Friday, Jan 21 2011
News and Analysis
In 1989 I attended a meeting of Entre franchisees in Kauai. Among people who were there, I later learned, was Randy Johnston of K2 Enterprises fame. I suspect others from that by generation are also active in the mid-market accounting software world. The franchise companies – ComputerLand, MicroAge, Entre, Connecting Point – are a memory.
Indeed the whole specialty store channel slid into VARdom or got killed by computer superstores (which haven’t lasted a whole lot longer.) What struck me after covering MicroAge intensely and Connecting Point somewhat so was when I moved into this arena in 1991 just how similar the relationships of resellers to the software supplier are to the relationships the store operators had with corporate. The big difference in the VAR model has been the resellers keep their own names.. And establishing brand is the overwhelming advantage that a franchise provides to a local operator because these business people can take advantage of a much deeper pool of marketing dollars. In this business, I suspect joint technical support operations would be another benefit. The most important operational issue to solve is how much local operations should pay the franchisor and what services they get in return. (Well, that’s after the franchisor picks up good operations to represent it.) Set fees too high the franchisee struggles to make money. Set them too local and you’ve got a cheap looking operation that benefits nobody. Whatever the negatives, they are very similar to the negatives VARs already face in dealing with a vendor. Of course, Microsoft isn’t going to do the franchising, it’s going to be large VARs. Frankly, I think this channel has most of the disadvantages of franchising already in place. It might as well have the benefits too.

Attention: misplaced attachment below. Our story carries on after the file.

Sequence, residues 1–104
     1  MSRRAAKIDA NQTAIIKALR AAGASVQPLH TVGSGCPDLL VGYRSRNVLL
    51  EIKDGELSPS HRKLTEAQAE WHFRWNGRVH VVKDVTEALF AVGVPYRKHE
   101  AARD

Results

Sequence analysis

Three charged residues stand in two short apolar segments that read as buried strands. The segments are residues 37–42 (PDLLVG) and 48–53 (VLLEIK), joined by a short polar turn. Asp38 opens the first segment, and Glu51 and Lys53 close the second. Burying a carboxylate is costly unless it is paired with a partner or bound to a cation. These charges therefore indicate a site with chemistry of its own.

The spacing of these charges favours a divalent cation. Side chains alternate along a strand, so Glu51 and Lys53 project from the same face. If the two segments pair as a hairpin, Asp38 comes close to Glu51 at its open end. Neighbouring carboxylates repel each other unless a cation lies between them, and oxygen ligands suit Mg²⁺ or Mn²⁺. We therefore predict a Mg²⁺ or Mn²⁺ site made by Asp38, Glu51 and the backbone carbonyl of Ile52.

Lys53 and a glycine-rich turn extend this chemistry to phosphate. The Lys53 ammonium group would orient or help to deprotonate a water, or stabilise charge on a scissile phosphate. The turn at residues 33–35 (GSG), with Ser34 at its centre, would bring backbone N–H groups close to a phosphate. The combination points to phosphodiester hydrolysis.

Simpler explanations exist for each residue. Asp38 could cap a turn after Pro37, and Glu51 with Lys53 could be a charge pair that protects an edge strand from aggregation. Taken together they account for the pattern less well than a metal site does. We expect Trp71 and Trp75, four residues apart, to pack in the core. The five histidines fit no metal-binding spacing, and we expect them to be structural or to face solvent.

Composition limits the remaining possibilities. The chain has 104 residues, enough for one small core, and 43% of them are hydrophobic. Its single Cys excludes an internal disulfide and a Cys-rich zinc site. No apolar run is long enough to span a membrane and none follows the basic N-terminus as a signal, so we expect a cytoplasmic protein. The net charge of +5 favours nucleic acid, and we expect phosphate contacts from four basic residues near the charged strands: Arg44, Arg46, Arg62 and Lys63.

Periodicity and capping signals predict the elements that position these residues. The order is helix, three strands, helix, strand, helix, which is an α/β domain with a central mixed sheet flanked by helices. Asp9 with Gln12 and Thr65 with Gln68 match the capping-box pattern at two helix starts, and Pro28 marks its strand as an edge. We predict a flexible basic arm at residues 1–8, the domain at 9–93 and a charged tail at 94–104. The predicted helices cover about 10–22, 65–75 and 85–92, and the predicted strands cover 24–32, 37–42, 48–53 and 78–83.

Last modified on Sunday, 16 June 2013